A look back at Japan's nuclear crisis in the last 24 hours, through CNN.com videos:
The situation at Japan's Fukushima Daiichi nuclear plant has reached a strange state of continual deterioration, international security analyst Jim Walsh says. As it gets worse, "The good news is that the bad news isn't quite as bad as it first looked," he says.
By way of example, he points to Tuesday's fire at a spent fuel pond that was successfully put out, but not before releasing a plume of radioactive smoke into the atmosphere. Or the fire at reactor 4, which prompted fears of a ruptured containment vessel, concerns that have since subsided, Walsh says - for now.
"Things are happening and they look very bad in the beginning. Maybe not as bad as it first looked, but the situation is deteriorating."
As the situation develops day by day, comparisons are being drawn to the 1986 Chernobyl explosion, as analysts look for ways to measure the potential scale of damage.
"This is not going to be a Chernobyl," author William Tucker says. "The Soviets didn't have a containment structure on top of their reactor."
Daiichi does - a massive structure of concrete and steel that sits atop its reactors. When the reactors shut down, an emergency system pumped in water to cool the facility's fuel rods. But the system eventually failed, and so did the backup system when the tsunami hit, leading operators to use seawater to cool the fuel rods.
That doesn't make it any harder to determine the gravity of the situation. The plant's operator, Tokyo Electric Power Company, has been preaching calm, saying that radioactive leaks can be averted. But the company's track record makes it seem less than forthright, critics say.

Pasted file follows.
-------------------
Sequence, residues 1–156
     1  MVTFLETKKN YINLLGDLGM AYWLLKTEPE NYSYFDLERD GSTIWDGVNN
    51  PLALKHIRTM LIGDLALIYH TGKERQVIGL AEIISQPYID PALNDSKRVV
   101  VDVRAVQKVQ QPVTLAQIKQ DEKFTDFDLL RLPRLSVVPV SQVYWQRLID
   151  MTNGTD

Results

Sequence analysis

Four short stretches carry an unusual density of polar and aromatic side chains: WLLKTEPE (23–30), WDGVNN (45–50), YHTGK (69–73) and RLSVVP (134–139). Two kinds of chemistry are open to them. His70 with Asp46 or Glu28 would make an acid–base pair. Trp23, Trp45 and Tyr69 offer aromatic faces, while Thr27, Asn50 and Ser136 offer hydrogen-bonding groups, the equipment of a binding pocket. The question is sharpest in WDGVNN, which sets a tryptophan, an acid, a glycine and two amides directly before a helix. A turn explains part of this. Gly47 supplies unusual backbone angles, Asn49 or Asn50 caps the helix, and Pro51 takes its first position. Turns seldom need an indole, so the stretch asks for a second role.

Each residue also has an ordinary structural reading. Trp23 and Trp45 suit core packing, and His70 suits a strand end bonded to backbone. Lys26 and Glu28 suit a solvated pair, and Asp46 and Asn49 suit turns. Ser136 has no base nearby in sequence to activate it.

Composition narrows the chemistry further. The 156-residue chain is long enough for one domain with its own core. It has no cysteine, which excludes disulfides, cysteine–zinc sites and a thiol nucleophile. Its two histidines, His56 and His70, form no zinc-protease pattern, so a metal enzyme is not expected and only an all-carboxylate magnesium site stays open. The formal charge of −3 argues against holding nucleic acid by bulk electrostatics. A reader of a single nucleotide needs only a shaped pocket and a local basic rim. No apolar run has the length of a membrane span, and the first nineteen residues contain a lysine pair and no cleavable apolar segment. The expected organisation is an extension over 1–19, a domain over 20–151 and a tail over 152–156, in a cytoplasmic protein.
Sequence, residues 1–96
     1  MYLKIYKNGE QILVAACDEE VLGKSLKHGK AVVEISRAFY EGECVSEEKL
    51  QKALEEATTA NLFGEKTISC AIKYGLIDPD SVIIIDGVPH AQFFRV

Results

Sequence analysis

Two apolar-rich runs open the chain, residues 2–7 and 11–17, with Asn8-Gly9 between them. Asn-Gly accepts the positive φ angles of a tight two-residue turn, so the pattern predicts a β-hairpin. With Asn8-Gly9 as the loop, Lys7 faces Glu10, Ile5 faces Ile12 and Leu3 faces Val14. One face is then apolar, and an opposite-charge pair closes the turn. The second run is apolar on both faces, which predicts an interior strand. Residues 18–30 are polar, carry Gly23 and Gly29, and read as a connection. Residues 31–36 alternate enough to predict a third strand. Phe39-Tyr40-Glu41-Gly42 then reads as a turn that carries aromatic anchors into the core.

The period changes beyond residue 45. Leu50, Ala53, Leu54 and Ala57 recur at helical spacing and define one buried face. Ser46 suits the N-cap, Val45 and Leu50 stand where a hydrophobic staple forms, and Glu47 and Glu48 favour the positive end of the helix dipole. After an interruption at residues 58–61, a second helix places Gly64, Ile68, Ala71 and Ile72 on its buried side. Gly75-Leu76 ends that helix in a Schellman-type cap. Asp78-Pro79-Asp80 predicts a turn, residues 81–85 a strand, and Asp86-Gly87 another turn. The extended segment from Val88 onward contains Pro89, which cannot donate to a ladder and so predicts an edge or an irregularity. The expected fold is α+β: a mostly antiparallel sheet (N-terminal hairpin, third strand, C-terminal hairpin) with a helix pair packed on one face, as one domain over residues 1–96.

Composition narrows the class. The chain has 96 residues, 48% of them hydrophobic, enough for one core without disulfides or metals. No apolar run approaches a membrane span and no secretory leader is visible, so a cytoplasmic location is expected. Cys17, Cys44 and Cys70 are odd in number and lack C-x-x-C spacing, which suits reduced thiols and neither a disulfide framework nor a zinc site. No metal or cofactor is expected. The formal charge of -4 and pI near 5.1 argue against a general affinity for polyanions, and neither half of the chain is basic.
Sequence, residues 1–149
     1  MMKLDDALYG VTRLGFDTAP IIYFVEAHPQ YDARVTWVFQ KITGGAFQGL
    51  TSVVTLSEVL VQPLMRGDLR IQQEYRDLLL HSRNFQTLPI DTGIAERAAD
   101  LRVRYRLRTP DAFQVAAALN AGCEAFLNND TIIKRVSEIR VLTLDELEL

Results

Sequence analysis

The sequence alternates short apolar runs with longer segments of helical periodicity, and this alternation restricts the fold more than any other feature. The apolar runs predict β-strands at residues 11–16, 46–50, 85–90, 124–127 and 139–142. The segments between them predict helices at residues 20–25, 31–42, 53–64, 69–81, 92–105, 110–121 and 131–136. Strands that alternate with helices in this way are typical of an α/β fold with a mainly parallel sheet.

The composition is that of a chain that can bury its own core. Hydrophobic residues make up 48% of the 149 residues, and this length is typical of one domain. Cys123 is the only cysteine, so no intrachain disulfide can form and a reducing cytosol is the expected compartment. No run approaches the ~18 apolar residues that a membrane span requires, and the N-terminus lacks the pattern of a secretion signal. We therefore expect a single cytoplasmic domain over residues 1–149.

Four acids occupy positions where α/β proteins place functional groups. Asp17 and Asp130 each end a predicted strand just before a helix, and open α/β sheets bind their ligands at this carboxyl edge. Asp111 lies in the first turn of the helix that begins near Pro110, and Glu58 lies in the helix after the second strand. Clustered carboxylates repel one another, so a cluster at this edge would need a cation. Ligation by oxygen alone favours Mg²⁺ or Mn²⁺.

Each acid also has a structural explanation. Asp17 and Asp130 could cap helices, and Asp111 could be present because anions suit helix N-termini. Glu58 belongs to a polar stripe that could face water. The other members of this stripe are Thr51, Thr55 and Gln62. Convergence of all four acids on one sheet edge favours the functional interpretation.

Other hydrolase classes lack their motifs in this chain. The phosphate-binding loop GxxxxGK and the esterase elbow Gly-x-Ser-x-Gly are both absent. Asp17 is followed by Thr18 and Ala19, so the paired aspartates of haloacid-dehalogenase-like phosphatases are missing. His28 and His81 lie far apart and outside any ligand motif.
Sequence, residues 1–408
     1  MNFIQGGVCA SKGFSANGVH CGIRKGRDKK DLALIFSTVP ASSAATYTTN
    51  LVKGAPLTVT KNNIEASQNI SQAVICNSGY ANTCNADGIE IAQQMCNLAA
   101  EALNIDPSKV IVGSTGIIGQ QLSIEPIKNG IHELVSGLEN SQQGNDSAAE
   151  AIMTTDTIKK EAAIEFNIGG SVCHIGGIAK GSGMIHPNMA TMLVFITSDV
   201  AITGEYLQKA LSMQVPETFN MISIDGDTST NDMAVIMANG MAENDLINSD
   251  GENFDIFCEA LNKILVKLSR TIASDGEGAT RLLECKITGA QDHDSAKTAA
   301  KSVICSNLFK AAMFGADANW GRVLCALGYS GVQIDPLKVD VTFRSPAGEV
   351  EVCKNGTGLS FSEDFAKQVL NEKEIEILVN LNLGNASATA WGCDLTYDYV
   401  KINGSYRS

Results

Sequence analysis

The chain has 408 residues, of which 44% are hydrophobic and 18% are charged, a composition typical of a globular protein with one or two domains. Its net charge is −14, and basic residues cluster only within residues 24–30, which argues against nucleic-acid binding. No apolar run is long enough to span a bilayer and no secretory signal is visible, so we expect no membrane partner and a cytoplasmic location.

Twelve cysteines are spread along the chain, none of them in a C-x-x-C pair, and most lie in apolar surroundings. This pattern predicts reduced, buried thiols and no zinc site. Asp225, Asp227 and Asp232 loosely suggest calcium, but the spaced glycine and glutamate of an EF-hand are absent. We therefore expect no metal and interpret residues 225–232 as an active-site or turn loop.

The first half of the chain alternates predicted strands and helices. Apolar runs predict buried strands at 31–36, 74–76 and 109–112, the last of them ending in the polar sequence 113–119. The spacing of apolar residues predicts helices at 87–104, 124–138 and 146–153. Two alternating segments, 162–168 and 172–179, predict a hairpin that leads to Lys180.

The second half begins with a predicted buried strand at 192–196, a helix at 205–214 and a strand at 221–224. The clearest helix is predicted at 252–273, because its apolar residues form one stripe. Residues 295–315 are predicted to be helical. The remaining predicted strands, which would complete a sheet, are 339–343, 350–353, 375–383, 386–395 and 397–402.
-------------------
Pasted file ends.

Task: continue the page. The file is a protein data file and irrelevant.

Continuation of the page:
"The history of Japan's nuclear industry and the government, that is very closely tied with the industry, is less than glorious in regards to public information and full disclosure, and what is going on now is actually an illustration of that," says Arjun Mahkhijani, president of the Institute for Energy and Environmental Research.
In 2002, TEPCO's president and four executives resigned after it was revealed that repair and inspection records had been falsified.
"It was discovered that TEPCO had covered up incidents of cracking in an important piece of equipment with the reactors' vessels of all its reactors, and as a result, they were forced to close down all 17 reactors," says Philip White of the Citizens Nuclear Information Center.
Then, in 2007, after a 6.8-magnitude earthquake, TEPCO told the public the plant had suffered a minor fire and leak of a gallon's worth of radioactive water. It later turned out the fire had burned for two hours and hundreds of gallons of radioactive water had leaked into the sea.
"There's a pattern that has emerged that TEPCO isn't frank, and deliberately covers up to protect its own interests," White says.
Meanwhile, the focus in the United States has shifted to how Japan's situation bodes for domestic nuclear energy development. Lobbyists are hard at work in Washington to assuage fears that America's nuclear plants - some of which rely on the same backup power for cooling systems that failed in Japan - are unprepared for disasters of similar magnitude.
"We're trying to make sure people understand exactly what's occurring, understand the context in which they're going to be making decisions in the future about the way Congress wants to treat nuclear energy," says Alex Flint, a lobbyist for the Nuclear Energy Institute.
Energy Secretary Steven Chu says America should continue nuclear power development.
"The (Nuclear Regulatory Commission) has its own schedule and they will be looking very closely at developments in Japan," he said Tuesday. "I think we're in good hands."